September 20, 2016 By Ibrahim Tarawallie
The Sierra Leone Association of Journalists (SLAJ) and Sports Writers Association of Sierra Leone (SWASAL) yesterday opened a book of condolence in honour of a fallen colleague, Samuel Alfred Munroe John.
Mr. John, 63, gave up the ghost Monday (12 September) at the Choithram Memorial Hospital at Hill Station in Freetown after a short illness.
Chaired by veteran journalist George S. Khoryama, the ceremony was graced by journalists, friends and family members, including the late man’s widow and two children. Chaired by veteran journalist George Khoryama, the short ceremony was attended by journalists, friends and family members including the late man’s wife and two children.Chaired by veteran journalist George Khoryama, the short ceremony was attended by journalists, friends and family members including the late man’s wife and two children.
During short tributes, Presidents of SLAJ and SWASAL described the late man, who until his passing was Deputy Editor of Awoko newspaper and senior sports journalist, as someone that was very much passionate about journalism.
SWASAL President, Frank Ernest Magnus Cole, said the late sports journalists was a committed member of his association and served as an executive member from 1996 to 2000 under the Chernor Ojuku Sesa-led executive.
He said he came to know the late man when he was writing for the Independent Newspaper, adding that the latter covered two Olympic Games in Athens and China.
“Junior, as we used to call him, was so passionate about reporting cricket. He has done a lot in improving the journalism profession in Sierra Leone, more especially sports reporting. He has always been with SWASAL,” Cole said in his tribute.
According to him, as a veteran sport journalist, Mr. John also encouraged sport journalists to report on various sporting disciplines in the country.
Mr. Cole stated that the last function the late veteran journalist performed for SWASAL was two weeks prior to his demise when he served as chairman at a presentation of certificates after a successful training for sports journalists at the SLAJ Harry Hansaneh Hall.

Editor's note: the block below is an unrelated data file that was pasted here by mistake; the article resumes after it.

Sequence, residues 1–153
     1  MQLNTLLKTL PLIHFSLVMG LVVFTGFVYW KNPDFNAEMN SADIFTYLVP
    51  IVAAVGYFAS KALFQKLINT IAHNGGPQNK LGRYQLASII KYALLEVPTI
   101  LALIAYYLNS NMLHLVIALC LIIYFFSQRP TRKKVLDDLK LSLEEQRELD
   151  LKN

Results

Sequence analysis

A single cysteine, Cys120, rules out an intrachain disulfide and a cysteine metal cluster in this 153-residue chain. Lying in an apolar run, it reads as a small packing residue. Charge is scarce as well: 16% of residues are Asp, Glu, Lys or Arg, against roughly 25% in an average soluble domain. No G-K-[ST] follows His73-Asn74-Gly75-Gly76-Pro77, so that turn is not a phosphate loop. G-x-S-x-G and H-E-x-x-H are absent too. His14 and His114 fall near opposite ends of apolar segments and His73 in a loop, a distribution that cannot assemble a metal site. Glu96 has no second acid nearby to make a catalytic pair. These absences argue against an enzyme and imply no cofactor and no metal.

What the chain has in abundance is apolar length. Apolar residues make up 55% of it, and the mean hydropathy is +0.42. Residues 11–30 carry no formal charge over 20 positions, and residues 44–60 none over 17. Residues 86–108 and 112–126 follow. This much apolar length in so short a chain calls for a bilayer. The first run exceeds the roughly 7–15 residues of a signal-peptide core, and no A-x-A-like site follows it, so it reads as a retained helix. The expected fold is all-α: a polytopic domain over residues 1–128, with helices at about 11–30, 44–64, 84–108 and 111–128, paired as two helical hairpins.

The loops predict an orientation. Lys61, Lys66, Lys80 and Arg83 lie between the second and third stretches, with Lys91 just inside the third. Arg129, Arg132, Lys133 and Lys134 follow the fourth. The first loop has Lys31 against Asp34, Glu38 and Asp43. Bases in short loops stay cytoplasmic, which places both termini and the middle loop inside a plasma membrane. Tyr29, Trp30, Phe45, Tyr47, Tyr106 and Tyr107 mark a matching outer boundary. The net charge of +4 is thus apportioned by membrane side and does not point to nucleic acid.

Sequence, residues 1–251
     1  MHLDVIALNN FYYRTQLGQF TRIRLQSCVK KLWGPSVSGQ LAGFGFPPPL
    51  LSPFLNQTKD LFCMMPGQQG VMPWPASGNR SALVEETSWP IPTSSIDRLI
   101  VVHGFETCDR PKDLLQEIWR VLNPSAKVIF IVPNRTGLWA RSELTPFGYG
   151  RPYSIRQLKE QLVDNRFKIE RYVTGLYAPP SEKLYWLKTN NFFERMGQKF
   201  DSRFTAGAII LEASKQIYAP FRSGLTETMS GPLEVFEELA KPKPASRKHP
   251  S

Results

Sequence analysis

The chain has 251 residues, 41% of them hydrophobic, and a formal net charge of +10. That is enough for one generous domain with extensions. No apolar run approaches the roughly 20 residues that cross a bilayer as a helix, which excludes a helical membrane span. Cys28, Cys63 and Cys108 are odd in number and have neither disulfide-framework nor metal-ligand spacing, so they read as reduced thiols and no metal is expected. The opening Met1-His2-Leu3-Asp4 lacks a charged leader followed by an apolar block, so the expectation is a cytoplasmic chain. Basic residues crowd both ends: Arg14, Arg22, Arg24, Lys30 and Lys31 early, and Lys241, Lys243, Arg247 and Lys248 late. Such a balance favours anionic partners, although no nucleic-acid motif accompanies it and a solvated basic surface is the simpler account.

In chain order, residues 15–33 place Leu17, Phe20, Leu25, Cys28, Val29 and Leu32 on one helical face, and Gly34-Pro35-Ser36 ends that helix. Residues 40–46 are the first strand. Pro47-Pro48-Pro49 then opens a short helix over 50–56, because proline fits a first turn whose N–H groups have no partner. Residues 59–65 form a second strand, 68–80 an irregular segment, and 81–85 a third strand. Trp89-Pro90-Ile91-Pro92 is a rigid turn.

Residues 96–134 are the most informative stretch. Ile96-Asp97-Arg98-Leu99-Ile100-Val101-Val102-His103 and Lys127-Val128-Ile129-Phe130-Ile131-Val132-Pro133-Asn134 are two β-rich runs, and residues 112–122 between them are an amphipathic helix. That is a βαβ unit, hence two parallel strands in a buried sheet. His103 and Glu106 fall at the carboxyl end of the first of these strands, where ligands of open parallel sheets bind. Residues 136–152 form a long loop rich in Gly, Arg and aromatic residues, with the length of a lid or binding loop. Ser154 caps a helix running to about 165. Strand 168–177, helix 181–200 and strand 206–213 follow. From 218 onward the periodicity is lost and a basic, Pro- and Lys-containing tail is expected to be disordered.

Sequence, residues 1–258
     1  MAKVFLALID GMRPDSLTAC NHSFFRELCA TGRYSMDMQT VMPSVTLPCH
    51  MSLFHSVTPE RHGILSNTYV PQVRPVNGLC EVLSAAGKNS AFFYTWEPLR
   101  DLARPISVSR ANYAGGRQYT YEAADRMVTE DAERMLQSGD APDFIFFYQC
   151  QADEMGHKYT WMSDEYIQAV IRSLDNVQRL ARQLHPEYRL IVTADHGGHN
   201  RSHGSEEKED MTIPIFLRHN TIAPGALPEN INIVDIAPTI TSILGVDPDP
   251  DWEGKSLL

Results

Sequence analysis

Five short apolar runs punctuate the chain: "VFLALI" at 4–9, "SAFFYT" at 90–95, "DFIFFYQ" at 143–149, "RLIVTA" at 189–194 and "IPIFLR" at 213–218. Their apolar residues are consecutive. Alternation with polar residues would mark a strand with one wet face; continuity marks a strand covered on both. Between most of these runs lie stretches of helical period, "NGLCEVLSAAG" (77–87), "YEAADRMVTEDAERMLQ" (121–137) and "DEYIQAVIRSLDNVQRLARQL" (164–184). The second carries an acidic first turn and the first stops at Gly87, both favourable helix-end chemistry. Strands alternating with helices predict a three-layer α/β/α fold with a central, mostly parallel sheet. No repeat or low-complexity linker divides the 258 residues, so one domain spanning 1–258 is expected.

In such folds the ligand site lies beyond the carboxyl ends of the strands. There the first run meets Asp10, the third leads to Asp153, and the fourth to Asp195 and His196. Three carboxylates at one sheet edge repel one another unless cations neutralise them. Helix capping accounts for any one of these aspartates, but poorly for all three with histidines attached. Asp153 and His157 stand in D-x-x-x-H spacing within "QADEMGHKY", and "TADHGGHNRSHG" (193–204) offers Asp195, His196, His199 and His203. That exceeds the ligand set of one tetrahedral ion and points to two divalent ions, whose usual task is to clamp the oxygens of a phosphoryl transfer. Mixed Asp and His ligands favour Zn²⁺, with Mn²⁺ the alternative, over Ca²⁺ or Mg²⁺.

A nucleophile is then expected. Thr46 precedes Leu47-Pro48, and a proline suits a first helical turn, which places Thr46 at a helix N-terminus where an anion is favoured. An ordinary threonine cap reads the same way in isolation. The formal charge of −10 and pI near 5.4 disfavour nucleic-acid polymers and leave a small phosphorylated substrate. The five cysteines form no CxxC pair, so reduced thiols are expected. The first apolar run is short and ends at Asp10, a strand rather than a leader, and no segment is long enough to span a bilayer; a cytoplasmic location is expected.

SLAJ President Kelvin Lewis described Mr. John as a perfect gentleman who knew very well how to mind his own business, adding that he was very private and never wanted to export his problems to anyone.
“He likes to provoke. He was not always quiet. He will flare up and shout to make his point at press conferences. At Awoko where we work for many years, he was the rock and a mentor. He was proud and content,” said Lewis.
He recalled that the night before he died, he offered to send a car to pick him up for a dinner in honour of a departing international intern but John turned it down, saying he would find his way to the venue.
On behalf of SLAJ, SWASAL and the Awoko family, he console his wife, children and family to be consoled and prayed that they would find comfort to know that Junior, as he was fondly called, was a good man.
A close friend to the late man, Commissioner James Williams of the Independent Media Commission, said his departed friend and colleague was more of a brother than a friend to him as they spent the better half of their adult lives together.
“We were together at ‘We Yone’ newspaper when he joined me there in 1976. We were together as brothers, but today death as separate us. Today is a sad moment for me. When news breaks about his death, it was shocking and I was shattered,” he said.
The event was climax by signing of the book of condolence by a host of journalists. He is due to be interred on 30 September.